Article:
By Moni Basu, CNN
(CNN) - Two things you should know about South Asians: They are one of the fastest-growing populations in the United States and they win spelling bees.
Put the two together in an election year and what you get is a series of public service videos aimed at drawing South Asians to the polls. And they do it by poking fun at their own spelling prowess - nine of the last 13 Scripps National Spelling Bee winners have been South Asian.
The "Bee a Winner" videos feature six South Asian actors - including Parvesh Cheena of "Outsourced" and Sonal Shal of "Scrubs" - in a mock “14th Annual Desi Spelling Bee.” Each word they have to spell tackles an issue of civic engagement like "undecided" or "caucus."
"We came up with the idea of the spelling bee because it speaks to the aspect of the model South Asian," producer Sohini Sengupta said.
She said getting out the vote was the first step to political empowerment for South Asians.
Directed by indie filmmaker Tanuj Chopra, the videos were funded by 18 Million Rising, a social media campaign encouraging Asian-Americans to get more politically involved.
The spelling bee videos were posted on actress Kosha Patel's YouTube channel.
Asian-Americans are the highest-income, best-educated and fastest-growing racial group in the United States, according to a Pew Research Center study released earlier this year. But only 55% of voting age Asian-Americans are registered to vote, according to the 18 Million Rising. That's the lowest of all races in America.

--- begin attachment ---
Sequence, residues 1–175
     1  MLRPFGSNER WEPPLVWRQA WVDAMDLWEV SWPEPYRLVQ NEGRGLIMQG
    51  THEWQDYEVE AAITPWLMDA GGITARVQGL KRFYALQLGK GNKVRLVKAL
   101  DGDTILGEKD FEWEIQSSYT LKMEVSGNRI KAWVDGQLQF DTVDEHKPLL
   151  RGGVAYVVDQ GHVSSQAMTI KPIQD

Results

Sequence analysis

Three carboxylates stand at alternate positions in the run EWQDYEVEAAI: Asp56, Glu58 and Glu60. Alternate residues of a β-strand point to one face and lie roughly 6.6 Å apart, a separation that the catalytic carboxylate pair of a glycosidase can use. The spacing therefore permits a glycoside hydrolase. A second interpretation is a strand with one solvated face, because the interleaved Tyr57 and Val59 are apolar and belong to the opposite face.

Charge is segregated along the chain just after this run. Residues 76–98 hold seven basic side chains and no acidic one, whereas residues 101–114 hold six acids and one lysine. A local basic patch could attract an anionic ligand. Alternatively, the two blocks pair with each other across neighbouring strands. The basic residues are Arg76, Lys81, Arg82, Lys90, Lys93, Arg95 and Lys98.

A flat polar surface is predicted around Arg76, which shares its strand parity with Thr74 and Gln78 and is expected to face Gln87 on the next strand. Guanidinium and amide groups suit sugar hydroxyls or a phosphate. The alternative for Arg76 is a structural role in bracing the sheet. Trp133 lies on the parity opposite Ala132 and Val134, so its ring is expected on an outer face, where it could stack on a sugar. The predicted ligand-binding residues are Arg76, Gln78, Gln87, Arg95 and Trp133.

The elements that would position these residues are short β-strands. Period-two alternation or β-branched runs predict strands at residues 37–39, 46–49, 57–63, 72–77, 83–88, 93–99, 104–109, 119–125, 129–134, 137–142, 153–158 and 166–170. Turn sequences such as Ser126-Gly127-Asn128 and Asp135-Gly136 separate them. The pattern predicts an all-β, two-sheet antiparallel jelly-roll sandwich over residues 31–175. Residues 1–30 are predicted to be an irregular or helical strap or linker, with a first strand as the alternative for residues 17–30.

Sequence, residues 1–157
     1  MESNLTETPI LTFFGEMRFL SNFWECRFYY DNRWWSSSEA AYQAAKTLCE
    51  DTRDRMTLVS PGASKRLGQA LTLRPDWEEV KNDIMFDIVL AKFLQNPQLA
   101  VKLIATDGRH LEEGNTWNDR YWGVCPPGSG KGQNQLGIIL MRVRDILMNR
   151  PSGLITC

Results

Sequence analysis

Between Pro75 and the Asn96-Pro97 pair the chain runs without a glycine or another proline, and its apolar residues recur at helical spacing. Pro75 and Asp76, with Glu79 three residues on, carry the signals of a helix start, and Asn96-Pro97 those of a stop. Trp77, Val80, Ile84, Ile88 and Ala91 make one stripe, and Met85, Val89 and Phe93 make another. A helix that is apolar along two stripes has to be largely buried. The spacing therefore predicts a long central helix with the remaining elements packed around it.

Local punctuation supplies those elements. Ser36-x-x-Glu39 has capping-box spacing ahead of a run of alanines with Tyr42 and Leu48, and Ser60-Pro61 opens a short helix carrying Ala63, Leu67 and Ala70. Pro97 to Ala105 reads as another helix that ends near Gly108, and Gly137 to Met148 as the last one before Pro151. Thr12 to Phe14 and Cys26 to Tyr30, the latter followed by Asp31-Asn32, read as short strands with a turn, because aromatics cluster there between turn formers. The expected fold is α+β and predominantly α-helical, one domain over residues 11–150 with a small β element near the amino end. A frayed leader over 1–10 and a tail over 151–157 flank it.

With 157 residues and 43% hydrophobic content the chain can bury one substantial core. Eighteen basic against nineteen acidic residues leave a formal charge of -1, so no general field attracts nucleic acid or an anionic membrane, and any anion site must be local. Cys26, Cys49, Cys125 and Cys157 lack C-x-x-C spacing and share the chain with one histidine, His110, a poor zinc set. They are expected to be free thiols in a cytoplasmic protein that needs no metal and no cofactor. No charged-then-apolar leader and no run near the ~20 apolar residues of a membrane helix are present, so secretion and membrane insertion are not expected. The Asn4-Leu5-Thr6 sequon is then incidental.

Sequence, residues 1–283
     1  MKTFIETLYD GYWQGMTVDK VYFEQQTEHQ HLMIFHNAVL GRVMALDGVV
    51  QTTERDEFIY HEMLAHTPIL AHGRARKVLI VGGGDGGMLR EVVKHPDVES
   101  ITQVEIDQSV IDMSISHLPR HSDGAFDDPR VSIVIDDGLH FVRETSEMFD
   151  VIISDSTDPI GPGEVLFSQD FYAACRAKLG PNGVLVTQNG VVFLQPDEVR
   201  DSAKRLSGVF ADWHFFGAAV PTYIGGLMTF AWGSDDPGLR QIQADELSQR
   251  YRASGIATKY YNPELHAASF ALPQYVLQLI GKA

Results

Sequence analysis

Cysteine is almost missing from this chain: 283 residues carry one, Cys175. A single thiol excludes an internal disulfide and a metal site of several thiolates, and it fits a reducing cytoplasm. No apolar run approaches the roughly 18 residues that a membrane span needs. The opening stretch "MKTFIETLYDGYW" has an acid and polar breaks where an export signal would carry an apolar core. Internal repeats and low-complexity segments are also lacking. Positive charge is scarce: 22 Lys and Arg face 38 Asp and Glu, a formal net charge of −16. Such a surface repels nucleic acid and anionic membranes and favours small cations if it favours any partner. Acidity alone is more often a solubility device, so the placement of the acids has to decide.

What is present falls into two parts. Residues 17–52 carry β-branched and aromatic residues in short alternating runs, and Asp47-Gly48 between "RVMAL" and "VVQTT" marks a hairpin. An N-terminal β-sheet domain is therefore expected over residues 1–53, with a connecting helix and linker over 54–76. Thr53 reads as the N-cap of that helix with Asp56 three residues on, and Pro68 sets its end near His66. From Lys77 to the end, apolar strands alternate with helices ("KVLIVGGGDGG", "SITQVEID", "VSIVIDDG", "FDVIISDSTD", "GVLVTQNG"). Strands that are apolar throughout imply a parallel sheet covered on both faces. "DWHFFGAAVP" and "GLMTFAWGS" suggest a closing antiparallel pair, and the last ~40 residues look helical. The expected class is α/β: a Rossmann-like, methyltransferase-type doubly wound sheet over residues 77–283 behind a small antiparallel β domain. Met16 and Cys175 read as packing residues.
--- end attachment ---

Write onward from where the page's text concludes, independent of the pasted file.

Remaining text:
Among them are about 3.4 million South Asians - people who claim ancestry from India, Pakistan, Bangladesh, Bhutan, Nepal, Sri Lanka and Maldives. They are otherwise known as the desi community. "Desh" means homeland in South Asian languages.
But few political resources are targeted to South Asians, Sengupta said.
"There's a huge problem of getting them out to vote," she said.
One of the words in the mock spelling bee is "community."
"One in six of the South Asian community lives in a battleground state, which means they can make a real difference in this election," says the moderator.
One problem, Sengupta said, is that many South Asians are more in tune with homeland politics than they are with what's going on in America.
The spelling bee videos were meant to get young desi voters out on Election Day but Sengupta hopes they will appeal to the entire South Asian community.
There's no centralized way to mobilize South Asians, she said.
"Desis come in all shapes and sizes," she said.
"So we decided to poke fun at ourselves; to play on the stereotypes."
This South Asian reporter can attest to the humor. The videos are funny.